Monday, July 23, 2007

Finis Legendi

I read straight through, forays to the kitchen for slices of blueberry poundcake and cups of tea the only interruptions, until about 2:30 am last night (yes, technically this morning). No spoilers here. I found it a very satisfying read, though since I was drawn into more and more suspense about how it would all turn out, the later twists and turns of the plot started to make me impatient, and I had to ramp it down a bit and remember to take in every moment, that the end, well, would come only as the plot and details bid it. I do not mean the outcome, i.e. the burning question of at least one fact that could be discovered by a quick dip into the last chapter. (I did not look, to be clear.) I mean that, for the reader, the richness of the ending is only to be found in the fullness of the reading that preceded it. Not to be missed, that. As in all epic tales, a reader might be disappointed by skipping to the end in order to find satisfaction. Consider the very, very, very end of the Iliad: the brooding vengeful anger of Achilles is hardly unknotted in the lines that tell us the battle will continue after a break for the funeral games for Hector. Do we know, depending on where we left off, how/if Achilles got his revenge on Hector ? How/if the body was returned ? Do not, dear reader, take this example as an allusion to HP and the Deathly Hallows. This is not about literary merit, either; merely a brief aside on the pleasure of reading. It just seemed the right moment to think about reading, impatience, and pleasure. Enjoy HP, if still reading, and take to heart this bit of Rowling's dedication "and to you, if you have stuck with Harry until the very end." Stay by him and take it all in. Every page now. Every page.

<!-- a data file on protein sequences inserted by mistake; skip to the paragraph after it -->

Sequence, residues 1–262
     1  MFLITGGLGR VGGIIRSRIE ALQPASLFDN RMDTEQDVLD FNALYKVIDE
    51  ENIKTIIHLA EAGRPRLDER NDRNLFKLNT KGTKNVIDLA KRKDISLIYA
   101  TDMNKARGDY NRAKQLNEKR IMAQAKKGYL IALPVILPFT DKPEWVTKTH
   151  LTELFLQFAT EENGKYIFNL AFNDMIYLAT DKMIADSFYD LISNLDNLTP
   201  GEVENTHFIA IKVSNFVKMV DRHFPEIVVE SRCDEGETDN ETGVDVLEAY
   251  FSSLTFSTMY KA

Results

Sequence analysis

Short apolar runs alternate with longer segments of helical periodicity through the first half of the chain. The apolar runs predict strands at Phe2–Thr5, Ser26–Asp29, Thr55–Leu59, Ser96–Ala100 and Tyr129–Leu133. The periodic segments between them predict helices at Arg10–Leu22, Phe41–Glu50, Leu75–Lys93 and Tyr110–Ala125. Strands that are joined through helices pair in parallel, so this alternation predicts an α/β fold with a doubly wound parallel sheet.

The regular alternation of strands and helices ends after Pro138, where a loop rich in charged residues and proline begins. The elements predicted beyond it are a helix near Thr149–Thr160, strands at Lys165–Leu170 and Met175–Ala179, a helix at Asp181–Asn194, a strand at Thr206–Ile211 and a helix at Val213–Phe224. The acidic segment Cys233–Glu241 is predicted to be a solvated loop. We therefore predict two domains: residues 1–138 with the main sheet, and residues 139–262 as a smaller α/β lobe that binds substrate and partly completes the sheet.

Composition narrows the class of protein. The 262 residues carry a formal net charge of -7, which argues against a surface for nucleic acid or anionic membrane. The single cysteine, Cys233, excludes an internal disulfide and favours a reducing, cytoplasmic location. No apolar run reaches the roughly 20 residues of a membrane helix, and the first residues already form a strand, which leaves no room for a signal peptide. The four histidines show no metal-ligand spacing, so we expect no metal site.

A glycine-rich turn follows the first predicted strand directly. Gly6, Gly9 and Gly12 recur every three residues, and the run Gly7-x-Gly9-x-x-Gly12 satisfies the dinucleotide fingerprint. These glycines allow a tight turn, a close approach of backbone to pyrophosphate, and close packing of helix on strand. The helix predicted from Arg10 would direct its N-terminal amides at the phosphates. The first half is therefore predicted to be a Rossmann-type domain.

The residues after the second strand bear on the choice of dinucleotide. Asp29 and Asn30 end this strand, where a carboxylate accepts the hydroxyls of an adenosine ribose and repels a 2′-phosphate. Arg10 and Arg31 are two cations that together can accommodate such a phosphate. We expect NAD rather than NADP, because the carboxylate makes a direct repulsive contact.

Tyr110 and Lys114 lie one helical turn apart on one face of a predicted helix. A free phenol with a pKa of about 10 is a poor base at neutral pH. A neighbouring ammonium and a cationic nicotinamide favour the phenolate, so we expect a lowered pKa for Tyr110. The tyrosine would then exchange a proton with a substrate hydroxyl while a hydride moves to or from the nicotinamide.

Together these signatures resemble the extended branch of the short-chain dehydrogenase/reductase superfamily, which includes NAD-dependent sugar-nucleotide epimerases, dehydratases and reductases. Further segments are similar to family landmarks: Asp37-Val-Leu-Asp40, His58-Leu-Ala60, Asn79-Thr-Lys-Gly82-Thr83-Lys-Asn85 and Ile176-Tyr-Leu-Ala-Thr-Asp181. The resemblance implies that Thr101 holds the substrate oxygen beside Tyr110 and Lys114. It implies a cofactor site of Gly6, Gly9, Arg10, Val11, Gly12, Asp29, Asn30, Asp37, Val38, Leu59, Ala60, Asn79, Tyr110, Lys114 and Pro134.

1 comment:

John B. said...

Well said.

I'd just add to this that part of the pleasure I got from reading it was knowing that a whole bunch of other people were doing exactly the same thing--that, for a few hours, "we" had something like a common text, something we've not had since the days of the King James Bible's waning influence. Or maybe the better comparison would be the first week or so that Sgt. Pepper's Lonely Hearts Club Band was released and that was just about the only music that one could hear on the radio. Those who chose to read the online text ahead of time, I would say, missed out on part of the experience by doing so.

These days, with our attention so drawn in various directions by various media, Deathly Hallows accomplished something that may never happen again.